Tuesday, March 31, 2015

Bumpin' down the road in my Station Wagon

From my writer's notebook
The week before spring break in sixth grade sometimes feels a little like this:

            My students and I are packed into a wood paneled station wagon, bumping down a dirt road in Learning Land.  It's raining. I'm in the driver's seat trying to facilitate a discussion of the five themes of geography and, in the back, boys and girls are arguing loudly about who is the most hungry, the most tired.  One is silently looking out the window, following raindrops as they snake down the glass. Everyone has to go to the bathroom, including me.  As I am trying to review the difference between relative and absolute location, I notice there's a boy trying to exit the vehicle.  I flip the child locks to secure him in.

            The window watcher begins to cry.  Another girl is complaining someone called her a name. Could I talk to them about this??  Meanwhile, a quiet voice from the back is explaining the difference between absolute and relative location.  I can barely hear her but I try to make eye contact in the rear view mirror and smile.  The girl next to her reaches over and puts a hand over her mouth.  They begin to poke each other in the eye.  I reach back and gently touch a shoulder, give a precision request for their kind attention.  I mentally cross out Five Themes on my lesson plan, shift gears and turn up NPR on the radio.  At least it's educational. 

            More arguing over who farted and someone has organized a betting pool over who's going to win the manly man leg wrestling contest in the hatchback.  The eye poking has now transitioned to hair pulling. "Stop NOW," I say. Another students yells, "Girl Fiiiiight!!" Yet another who has been silently connected to ear buds the whole trip now decides to take inspiration from  Katy Perry and lets out a thunderous, ROOOOOOOAR.

            That's it. "I WILL PULL THIS CAR OVER!!!"
            As if on cue. The station wagon sputters to a standstill.
            A helpful voice from the back says, "I think it's your alternator."
            It's still raining and I can't get the radio.  I tell everyone to take out the book they were supposed to have brought with them. Two people do. "This is stupid." Someone says.
             A clap of thunder shakes the vehicle and it begins to rain harder.  
            "I'm starving," says someone.  I unwrap a granola bar and split it twenty-seven ways.
            One piece gets tossed out the window. "I don't like raisins."
            "This is $%#," says someone else.
            I put my head down on the steering wheel and try to imagine myself on spring break, lying on a beach with my book, a palm tree, maybe a shot of vodka. I've never had vodka but begin to consider I might be missing out. Maybe I'm too conservative. I should have pursued my childhood dream of being a television journalist. I start mentally updating my resume.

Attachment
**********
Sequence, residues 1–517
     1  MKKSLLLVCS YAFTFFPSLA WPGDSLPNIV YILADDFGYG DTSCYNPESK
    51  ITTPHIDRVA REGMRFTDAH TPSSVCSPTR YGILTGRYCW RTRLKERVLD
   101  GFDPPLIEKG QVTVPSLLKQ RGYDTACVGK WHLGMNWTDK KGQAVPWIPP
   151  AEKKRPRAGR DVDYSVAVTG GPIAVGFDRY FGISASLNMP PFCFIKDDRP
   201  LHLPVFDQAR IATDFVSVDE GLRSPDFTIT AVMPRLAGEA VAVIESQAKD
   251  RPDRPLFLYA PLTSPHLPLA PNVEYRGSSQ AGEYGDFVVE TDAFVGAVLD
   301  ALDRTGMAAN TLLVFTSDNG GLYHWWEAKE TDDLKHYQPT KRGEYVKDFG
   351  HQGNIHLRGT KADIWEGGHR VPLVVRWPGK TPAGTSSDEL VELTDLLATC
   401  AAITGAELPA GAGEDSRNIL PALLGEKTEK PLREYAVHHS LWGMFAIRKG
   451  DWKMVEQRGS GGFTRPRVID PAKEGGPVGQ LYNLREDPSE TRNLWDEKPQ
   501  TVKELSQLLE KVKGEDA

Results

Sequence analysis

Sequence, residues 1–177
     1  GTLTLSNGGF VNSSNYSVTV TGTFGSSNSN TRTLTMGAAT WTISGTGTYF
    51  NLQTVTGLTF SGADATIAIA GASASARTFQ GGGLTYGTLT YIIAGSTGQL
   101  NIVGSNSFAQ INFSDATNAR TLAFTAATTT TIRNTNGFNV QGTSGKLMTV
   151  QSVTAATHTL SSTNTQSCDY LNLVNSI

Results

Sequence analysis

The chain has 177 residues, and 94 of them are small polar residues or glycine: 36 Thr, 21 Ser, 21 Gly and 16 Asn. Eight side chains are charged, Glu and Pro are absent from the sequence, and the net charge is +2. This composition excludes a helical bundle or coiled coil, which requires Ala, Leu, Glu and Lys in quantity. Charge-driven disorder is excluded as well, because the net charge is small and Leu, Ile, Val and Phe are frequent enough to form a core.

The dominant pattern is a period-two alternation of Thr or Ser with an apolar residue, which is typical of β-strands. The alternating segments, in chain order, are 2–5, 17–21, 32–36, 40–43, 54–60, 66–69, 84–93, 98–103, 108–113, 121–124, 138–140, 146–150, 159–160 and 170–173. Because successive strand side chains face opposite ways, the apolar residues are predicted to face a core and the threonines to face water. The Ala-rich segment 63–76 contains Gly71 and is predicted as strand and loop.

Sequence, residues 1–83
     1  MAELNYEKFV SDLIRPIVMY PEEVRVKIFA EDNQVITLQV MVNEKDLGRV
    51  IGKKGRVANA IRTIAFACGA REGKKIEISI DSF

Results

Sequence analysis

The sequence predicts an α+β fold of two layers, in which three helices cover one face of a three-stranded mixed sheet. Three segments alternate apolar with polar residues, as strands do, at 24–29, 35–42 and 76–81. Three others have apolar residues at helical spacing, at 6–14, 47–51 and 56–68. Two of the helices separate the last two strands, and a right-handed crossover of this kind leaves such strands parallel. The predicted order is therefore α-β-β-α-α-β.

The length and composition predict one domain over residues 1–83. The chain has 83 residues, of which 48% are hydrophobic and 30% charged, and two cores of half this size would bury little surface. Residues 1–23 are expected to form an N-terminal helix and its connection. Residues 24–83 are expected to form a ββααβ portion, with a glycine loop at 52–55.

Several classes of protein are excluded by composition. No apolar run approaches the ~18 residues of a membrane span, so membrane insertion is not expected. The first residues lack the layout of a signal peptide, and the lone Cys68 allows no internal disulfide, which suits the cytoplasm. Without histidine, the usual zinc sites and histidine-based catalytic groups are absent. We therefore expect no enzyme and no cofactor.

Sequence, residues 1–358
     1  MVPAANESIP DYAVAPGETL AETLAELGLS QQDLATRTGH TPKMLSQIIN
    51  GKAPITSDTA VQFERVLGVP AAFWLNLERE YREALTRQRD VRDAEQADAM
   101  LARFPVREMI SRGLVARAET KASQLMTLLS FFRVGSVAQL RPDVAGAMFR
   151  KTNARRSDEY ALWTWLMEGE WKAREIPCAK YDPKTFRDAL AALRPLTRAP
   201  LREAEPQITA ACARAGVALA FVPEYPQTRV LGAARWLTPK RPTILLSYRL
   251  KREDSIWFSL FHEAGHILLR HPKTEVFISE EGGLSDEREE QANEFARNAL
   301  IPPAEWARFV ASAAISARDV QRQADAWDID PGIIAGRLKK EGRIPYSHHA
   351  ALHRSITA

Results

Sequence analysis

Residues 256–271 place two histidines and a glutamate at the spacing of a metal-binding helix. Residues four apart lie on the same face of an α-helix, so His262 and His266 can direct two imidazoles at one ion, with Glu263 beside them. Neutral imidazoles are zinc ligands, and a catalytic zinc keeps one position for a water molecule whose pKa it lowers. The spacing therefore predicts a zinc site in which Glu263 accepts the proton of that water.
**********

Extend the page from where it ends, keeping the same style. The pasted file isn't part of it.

The car goes silent. 
            Eventually I hear the rustling of eleven and twelve year olds angling toward me. "Is she okay?" One says.
            "I don't know."
            "Poke her."
            "Is she dead?"
            "I don't know!"
            Sirens.  A knock from a uniformed officer of the law.  I roll down the window.  He leans in and smiles, proceeds to write me a ticket for being in a no parking zone.

            I burst into a hysterical, hyena-like cackle that sends tears down my cheeks.
            The raindrops on the windshield begin to sparkle in a splash of sunlight peeking from behind a cloud. The beauty of it catches my eye.  Is this what going crazy feels like?
            "Did you know your tabs are expired?" The officer mentions.
            I barely hear him. We're all watching the glass slowly dry as the sun comes fully out.  One of our more whimsical girls whispers, "It's a raindrop resurrection."  She goes for a pad of paper and a pencil as we exchange that look, you know, kindred spirits.
            Another says, "Why does the rain look like little water bags dragging down the glass? And why does it go so slow, and then fast?"
            "It's surface tension. We learned about it in science," says another.
            "How many raindrops do you figure make up that puddle?"
            "How long was it raining?"
            "How wide is the puddle?"
            And on.
            "You know, there aren't enough seat belts for every passenger in this car."
            Is he still here?
            We get out. The kids jump into the mud and splash their teacher before proceeding to complain about their clothes getting "nasty."  They all look at me, expectantly.
            I smile back, my mud freckles displayed like tiny badges of honor, because I love them all.
            Even the one hiding underneath the car because he's secretly afraid, perhaps with good reason, the officer of the law is really there for him.

To find a vibrant community of teachers who write
visit https://twowritingteachers.wordpress.com/

Disclaimer: This is a satirical piece and none of it really happened except for the Katy Perry ROAR which totally did.  Though it might not have been a student. . .it could have been me. I don't really remember.

Tuesday, March 24, 2015

Saving Laura

My copy of Little House
Lately I'm preoccupied with time management in my classroom. I want to slow down when everything around me says, "Go faster!" This afternoon as I sat at my paper strewn reading table after school, I gazed out my classroom window and indulged in stepping out onto the playground of my own mind. It's nice out here today. This is what I thought about:
When I was in third grade my teacher led a discussion of genres in literature. "So, Charlotte's Web would be fiction," she said, writing it on the chalkboard under the appropriate descriptor.  And a biography of Marie Curie would be. . ."
            "Non-fiction," the class chorused. 
            This went on for a few titles and finally she said, "Little House on the Prairie. Fiction or Non-fiction?"
            I raised my hand. "Non-fiction."
            My teacher looked over her reading glasses at me from the front of the room.  "No. Actually, Laura Ingalls Wilder's books are fiction."
            I was known as a good student, a kind girl you could sit next to the outcast in the class because I would be a friend to them.  Well-mannered.  Flexible.